Andreas Huhmann, a strategy consultant for connectivity and networks at Harting Technology Group, explains why the miniaturisation of connectors is an enabling technology for the Internet of Things (IoT).
The Internet of Things is growing and is encompassing new small participants. This also applies to industry, and is ultimately a key theme of Integrated Industry. Unified Ethernet is being expanded for this – but only in a seamlessly integrated ecosystem.
Even though the Ethernet is a scalable and flexible protocol, this is nevertheless not true to the same extent for the connectors that are employed. At the beginning, the industrial sector was in agreement: the RJ45, the symbol of Ethernet, needed to be used. Compatibility prevailed over all other considerations - even much more so than rationality. Since the RJ45 had only limited suitability for industrial uses at the time, the birth of the Harting RJ Industrial proved to be the world's first industrial-grade RJ45 connector.
But there was something that distinguished the RJ45 even back then: the large system made up of active and passive components for network infrastructure and its proliferation among IT devices. It chose the most universal ecosystem. This subsequently found its way into industrial automation; nevertheless, today it is bumping up against miniaturisation limits. Ethernet participants are getting smaller, and the network is extending all the way to sensors and the smallest actuator. And since there is no alternative to Ethernet, the established ecosystem is no longer sufficient.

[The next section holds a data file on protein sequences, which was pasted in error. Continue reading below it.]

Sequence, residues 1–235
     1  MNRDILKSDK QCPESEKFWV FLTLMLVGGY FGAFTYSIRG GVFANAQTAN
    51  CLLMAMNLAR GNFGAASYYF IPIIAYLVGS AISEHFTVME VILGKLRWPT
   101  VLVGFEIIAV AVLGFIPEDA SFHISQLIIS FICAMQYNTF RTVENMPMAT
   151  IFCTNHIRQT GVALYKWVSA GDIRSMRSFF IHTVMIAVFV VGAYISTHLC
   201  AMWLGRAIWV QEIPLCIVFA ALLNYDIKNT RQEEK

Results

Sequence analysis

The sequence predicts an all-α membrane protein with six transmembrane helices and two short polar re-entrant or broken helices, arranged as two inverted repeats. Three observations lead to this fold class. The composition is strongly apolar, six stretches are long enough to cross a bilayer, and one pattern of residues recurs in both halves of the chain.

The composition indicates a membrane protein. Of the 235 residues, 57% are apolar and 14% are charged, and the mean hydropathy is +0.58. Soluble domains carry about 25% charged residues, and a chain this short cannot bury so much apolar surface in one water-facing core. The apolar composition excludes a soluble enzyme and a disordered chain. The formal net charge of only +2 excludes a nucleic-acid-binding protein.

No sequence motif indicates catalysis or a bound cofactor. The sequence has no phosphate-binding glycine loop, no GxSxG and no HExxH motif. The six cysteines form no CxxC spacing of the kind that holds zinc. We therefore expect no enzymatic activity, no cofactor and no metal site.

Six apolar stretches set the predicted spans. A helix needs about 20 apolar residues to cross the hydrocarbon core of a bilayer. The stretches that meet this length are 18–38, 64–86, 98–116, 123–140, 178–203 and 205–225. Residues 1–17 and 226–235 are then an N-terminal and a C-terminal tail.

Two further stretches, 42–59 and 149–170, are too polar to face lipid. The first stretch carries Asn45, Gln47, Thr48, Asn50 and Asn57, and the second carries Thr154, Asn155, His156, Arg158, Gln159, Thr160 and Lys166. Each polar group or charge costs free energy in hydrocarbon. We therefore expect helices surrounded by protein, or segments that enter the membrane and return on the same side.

Miniaturisation within existing infrastructure
Devices inside the switch cabinet use Ethernet to communicate with each other. Many of these devices are constructed as small cyber-physical systems. These devices require a high-performance and miniaturised network connection. This, once again, requires the integration and use of existing infrastructure. The arrival of the new ix Industrial connector means a worthy little brother of the RJ45 is now available.
As miniaturisation has progressed, sensors have become too small for the established connectors in the IP67 area. However, the existing transmission physics and integration into the existing active and passive infrastructure are needed. The promising candidate for this mating face is the M8 d-coded connector. It can be employed with the existing physical layer and, therefore, with infrastructure and devices.
If it had been technically feasible during the introduction of Ethernet in industrial automation, industrial users would have demanded a one-pair solution for Ethernet comparable to the fieldbus. The T1 Ethernet means that one-pair Ethernet is now available. Industrie 4.0 is bringing about disruptive changes that give opportunities to a new physical l layer. Ethernet is simply deployed everywhere, even over long ranges and with high performance, while using the simplest and most economical installation. The demands for miniaturisation are now added to this. With T1, the technology for this is available. But if the compatibility with today's physical layer is abandoned, a new ecosystem will emerge, whose distinctive feature will be the definition of a new mating face. Harting has developed this new mating face in the context of international standardisation.
Go to www.harting.co.uk for more information about miniature connectors.